Simulating Enterprise Architecture Models

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This presentation provides an overview of a simulation language and an accompant

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Simulating Enterprise Architecture Models

  1. 1. Simulating Enterprise Architecture Models Balbir S. Barn, Tony Clark (Middlesex University) and Samia Oussena University of West London) ISEC 2012, Kanpur, February 2012
  2. 2. Agenda <ul><li>Problems with Enterprise Architecture (EA) </li></ul><ul><li>EA overview and related work </li></ul><ul><li>Concepts for a light-weight method for EA </li></ul><ul><li>The EA method </li></ul><ul><li>Case study </li></ul><ul><li>Conclusions </li></ul>
  3. 3. EA overview (definitions and use cases) <ul><li>“ it is a coherent whole of principles, methods, and models that are used in the design and realization of an enterprise’s organizational structure, business processes, information systems and infrastructure” (Lankhorst et al) </li></ul><ul><li>The uses of EA include: </li></ul><ul><ul><li>alignment between business functions and IT systems </li></ul></ul><ul><ul><li>business change describing the current state of a business (as-is) and a desired state of a business (to-be) </li></ul></ul><ul><ul><li>Ensuring quality (e.g. security, performance) </li></ul></ul><ul><ul><li>Acquisition and merger planning </li></ul></ul><ul><ul><li>Regulatory compliance </li></ul></ul>
  4. 4. EA overview (2) <ul><li>Origins in Zachman’s Framework (1999) </li></ul><ul><li>Today often described by large fulsome frameworks such as: TOGAF, DODAF, FEAF </li></ul><ul><li>Accompanying methods are proprietary (e.g. ORACLE, IBM) </li></ul><ul><li>Some emerging DSLs for EA </li></ul><ul><ul><li>Notably Archimate (ref): concepts and supporting notation </li></ul></ul>
  5. 5. A missing piece <ul><li>How does an EA change to meet a new business requirement? </li></ul><ul><ul><li>What impact on what systems? </li></ul></ul><ul><ul><li>Support for an equivalence analysis needed </li></ul></ul><ul><li>The current methods and frameworks use layered architectures and do not readily support this type of analysis </li></ul><ul><li>Existing emphasis on SOA as an architectural style </li></ul>Simulation: Try it and see. A means for meaningful human intervention
  6. 6. Combining SOA with Event driven architecture <ul><li>Service Oriented Architecture (SOA) </li></ul><ul><ul><li>Publication of functionality as interfaces </li></ul></ul><ul><ul><li>Interface usage via components (asynchronous/synchronous) </li></ul></ul><ul><li>Event driven architecture (EDA) </li></ul><ul><ul><li>Components are event generators and consumers (reduced coupling) </li></ul></ul><ul><ul><li>Scope for Complex Event Processing (business processes triggered by multiple, possibly temporally related events. </li></ul></ul><ul><li>Combining both approaches provides greater expressivity for dealing with a complex domain such as EA </li></ul><ul><li>This paper addresses the method requirements for this combined approach </li></ul>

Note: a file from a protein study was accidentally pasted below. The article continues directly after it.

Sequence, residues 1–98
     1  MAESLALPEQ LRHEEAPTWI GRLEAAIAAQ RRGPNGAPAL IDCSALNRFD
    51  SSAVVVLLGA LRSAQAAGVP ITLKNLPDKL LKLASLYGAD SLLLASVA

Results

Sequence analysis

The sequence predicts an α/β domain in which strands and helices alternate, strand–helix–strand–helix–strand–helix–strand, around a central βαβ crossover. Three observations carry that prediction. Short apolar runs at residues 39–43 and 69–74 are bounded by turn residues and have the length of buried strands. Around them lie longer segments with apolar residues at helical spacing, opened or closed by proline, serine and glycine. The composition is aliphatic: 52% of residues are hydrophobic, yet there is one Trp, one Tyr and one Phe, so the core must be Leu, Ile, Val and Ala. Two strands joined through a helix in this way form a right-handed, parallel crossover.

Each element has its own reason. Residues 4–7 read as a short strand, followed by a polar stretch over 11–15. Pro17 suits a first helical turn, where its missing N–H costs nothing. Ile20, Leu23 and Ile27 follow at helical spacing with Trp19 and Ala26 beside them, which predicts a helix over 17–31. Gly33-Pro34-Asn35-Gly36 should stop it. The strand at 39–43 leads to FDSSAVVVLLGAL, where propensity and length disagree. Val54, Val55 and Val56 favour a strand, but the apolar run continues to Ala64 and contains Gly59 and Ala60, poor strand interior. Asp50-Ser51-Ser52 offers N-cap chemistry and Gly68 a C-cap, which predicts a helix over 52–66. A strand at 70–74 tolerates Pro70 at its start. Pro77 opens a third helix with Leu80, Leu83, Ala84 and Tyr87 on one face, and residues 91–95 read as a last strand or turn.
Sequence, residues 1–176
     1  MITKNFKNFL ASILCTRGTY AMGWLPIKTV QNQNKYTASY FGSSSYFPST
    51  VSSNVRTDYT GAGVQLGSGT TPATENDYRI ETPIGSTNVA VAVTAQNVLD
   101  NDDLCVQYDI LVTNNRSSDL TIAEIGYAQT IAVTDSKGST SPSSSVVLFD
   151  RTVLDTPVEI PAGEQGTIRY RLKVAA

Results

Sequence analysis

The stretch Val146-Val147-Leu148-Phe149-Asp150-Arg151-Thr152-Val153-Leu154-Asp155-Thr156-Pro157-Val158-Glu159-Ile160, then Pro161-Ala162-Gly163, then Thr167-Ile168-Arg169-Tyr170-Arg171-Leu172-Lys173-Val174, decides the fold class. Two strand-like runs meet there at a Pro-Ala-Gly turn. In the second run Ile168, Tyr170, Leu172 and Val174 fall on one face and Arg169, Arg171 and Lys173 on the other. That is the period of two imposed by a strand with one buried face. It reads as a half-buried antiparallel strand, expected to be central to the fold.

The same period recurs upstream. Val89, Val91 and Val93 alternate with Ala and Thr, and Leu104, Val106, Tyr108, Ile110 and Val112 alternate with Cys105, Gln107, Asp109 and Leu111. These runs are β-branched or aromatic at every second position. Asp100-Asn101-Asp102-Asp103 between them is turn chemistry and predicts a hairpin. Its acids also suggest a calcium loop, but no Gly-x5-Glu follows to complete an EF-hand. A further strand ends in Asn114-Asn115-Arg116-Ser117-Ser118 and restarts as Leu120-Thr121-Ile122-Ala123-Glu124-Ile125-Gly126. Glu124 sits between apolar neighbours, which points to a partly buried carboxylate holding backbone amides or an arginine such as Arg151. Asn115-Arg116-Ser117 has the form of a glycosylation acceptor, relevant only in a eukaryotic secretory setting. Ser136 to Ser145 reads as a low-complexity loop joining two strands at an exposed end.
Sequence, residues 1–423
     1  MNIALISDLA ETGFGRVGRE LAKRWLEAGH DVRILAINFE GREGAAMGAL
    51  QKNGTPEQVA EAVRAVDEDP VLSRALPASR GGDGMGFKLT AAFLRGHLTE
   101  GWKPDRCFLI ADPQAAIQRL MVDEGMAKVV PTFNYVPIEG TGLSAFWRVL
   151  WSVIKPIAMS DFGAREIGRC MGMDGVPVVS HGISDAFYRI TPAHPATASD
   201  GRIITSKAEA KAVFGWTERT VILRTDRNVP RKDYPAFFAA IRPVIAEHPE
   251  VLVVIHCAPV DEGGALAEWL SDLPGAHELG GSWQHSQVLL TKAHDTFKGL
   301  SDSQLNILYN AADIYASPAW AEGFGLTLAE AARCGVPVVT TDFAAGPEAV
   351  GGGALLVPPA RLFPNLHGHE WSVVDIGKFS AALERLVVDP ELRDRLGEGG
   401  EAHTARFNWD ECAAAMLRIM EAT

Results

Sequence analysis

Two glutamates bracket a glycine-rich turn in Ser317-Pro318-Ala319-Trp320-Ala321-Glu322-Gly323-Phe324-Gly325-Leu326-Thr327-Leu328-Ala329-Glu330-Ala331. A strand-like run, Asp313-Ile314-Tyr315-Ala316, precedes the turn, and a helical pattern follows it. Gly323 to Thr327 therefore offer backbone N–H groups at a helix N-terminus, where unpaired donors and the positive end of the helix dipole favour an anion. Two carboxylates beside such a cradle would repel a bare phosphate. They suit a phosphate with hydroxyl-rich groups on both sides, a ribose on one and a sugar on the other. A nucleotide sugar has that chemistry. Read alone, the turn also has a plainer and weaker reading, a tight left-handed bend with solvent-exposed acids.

7. 7. Key features of the language
  8. 8. Method Overview <ul><li>Existing methods are: </li></ul><ul><ul><li>Large, cumbersome, lacking in agility and precision. </li></ul></ul><ul><li>The LEAP Method: </li></ul><ul><ul><li>Has two streams for “as is” / “to be” modelling </li></ul></ul><ul><ul><li>Utilises existing, best of breed modelling techniques </li></ul></ul>Step 4: Model Requirements Define Logical EA Collate Physical Architecture Define Physical EA Define Conformance and Simulate Configure Physical Architecture To be Analysis As Is Analysis New DSL Technology incorporating: Integrated model for services, events and simulation Utilize established techniques such as CRC, Use Case Models, Use Case Maps, UML … Business use case model; Information model; Business process model; Context Diagram Current components Candidate Physical EA Candidate Logical Components Simulation Logical EA (Components, Interfaces, Events) Refined Logical EA Simulation Physical EA Scope phase Simulate phase Candidate Physical EA Step 1: Step 2: Step 3: Step 5: Step 6: